Capt. Sir Tom Moore’s Daughter Says She Shielded Him from ‘Vile’ Trolls Before Death

Rachel DeSantisWed, 17 February 2021, 5:27 pm

VICKIE FLORES/EPA-EFE/Shutterstock Capt. Sir Thomas Moore

The family of Capt. Sir Tom Moore says they were flooded with hateful comments by trolls in the weeks leading up to his death, but shielded the late British hero from the “outrageous negativity” to protect him.

Moore, 100, who rose to prominence after raising more than $40 million for the U.K.’s National Health Service, died on Feb. 2 after testing positive for COVID-19 and battling pneumonia.

His daughter Hannah Ingram-Moore said the family was hit with extreme “trolling” after a family vacation to Barbados in December, something she said was the “holiday of a lifetime” for her father.

Ingram-Moore told the BBC the family leaned on their “family resilience” and “emotional resilience” to power through the pain, but made sure to keep the hate from Moore, who was knighted by Queen Elizabeth II in July.https://www.youtube.com/embed/bcjbdjid2ZI?rel=0

“We never told him, because I don’t think he could ever have understood it,” she said. “I think it would’ve broken his heart, honestly, if we said to him, ‘People are hating us.’ I couldn’t tell him. Because how do you rationalize to a 100-year-old man that something so incredibly good can attract such horror? It’s hard.”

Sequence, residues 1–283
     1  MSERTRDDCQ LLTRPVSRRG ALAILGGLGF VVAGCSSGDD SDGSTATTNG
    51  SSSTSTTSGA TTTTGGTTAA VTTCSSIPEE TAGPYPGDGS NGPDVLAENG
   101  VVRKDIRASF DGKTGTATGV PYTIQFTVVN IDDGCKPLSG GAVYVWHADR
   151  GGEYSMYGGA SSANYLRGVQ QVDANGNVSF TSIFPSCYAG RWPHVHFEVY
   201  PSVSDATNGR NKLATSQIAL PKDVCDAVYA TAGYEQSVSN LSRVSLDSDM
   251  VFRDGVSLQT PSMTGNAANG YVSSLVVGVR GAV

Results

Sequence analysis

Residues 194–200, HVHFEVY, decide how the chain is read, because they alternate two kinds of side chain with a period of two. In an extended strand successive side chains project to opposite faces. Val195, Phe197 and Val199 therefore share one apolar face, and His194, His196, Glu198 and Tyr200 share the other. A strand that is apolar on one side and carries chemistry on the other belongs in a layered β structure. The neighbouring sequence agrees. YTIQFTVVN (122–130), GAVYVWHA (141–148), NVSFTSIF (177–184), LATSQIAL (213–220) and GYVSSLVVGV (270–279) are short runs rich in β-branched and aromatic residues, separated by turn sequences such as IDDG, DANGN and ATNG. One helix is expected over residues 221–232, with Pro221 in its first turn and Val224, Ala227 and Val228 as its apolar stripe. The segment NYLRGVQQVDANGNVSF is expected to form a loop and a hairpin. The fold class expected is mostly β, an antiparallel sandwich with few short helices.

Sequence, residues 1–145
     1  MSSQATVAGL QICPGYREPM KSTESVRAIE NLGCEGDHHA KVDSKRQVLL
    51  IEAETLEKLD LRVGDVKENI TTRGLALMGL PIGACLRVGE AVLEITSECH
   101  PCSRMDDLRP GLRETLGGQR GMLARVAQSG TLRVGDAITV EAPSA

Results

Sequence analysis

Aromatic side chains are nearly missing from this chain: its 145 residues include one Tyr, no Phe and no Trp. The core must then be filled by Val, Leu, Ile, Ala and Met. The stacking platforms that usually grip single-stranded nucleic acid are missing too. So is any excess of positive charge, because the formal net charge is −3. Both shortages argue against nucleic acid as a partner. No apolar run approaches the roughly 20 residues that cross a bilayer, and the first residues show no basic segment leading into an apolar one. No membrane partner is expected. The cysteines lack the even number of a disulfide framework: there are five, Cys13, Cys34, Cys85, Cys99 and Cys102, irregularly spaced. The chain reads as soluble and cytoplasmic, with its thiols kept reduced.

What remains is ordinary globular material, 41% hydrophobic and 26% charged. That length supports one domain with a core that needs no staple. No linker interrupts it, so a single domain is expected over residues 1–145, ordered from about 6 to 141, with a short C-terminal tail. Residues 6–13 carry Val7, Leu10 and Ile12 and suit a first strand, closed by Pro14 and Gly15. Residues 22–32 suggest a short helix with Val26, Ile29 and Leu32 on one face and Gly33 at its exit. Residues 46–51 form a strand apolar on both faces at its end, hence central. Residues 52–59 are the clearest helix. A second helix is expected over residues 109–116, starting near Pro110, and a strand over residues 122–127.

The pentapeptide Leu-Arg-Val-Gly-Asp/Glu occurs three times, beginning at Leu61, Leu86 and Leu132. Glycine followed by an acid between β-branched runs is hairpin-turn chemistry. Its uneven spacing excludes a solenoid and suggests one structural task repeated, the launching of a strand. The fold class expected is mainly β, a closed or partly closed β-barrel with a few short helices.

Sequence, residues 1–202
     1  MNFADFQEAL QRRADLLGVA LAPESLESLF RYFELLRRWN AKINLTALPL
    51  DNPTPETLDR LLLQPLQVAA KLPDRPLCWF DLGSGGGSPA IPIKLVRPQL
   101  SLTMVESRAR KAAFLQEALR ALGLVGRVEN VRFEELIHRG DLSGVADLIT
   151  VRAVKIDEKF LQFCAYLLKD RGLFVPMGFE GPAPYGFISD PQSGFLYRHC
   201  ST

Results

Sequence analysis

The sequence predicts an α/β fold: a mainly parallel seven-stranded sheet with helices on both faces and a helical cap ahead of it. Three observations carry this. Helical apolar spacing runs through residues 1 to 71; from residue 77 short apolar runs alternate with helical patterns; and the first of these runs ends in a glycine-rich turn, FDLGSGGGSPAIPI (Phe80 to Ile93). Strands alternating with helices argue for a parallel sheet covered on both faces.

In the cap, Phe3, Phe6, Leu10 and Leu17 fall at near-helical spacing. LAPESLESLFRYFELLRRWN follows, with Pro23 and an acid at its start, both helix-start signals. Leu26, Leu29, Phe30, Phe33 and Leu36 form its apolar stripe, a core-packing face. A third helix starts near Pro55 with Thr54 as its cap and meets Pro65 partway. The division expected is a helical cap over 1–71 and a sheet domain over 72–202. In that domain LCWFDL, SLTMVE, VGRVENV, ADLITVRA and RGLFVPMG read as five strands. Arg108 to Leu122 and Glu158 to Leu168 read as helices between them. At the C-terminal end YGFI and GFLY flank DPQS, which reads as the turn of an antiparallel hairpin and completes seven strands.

Still, the grieving daughter says that focusing on her father’s legacy of “hope and joy” has helped her remain focused on what really matters.

RELATED: Inside Capt. Sir Tom Moore’s Inspiring Life: From Serving in WWII to Being Knighted by the Queen

“It really did hurt and it really is hard to deal with but we have dealt with it and they will not win, they will never make this amazing thing negative,” she told the BBC, per Reuters.

Ingram-Moore also noted that the family is staying focused on the “massive majority of people who we connect with” as opposed to a “vile minority.”

Emma Sohl – Capture the Light Photography via Getty Capt. Sir Thomas Moore and his daughter Hannah

She said she and her family were able to share “lovely goodbyes” with Moore before his death, and that they will remain focused on looking on the bright side.

“He wouldn’t have wanted us to feel sorrow. He just wouldn’t,” she told the BBC. “It’s okay to grieve. And we know that you’re grieving with us, but let’s never lose sight of the fact that for him, this was all about, ‘Tomorrow will be a good day,’ and being hopeful. No reason to sit around and mourn for too long. Get on with it, and make a good job of it.”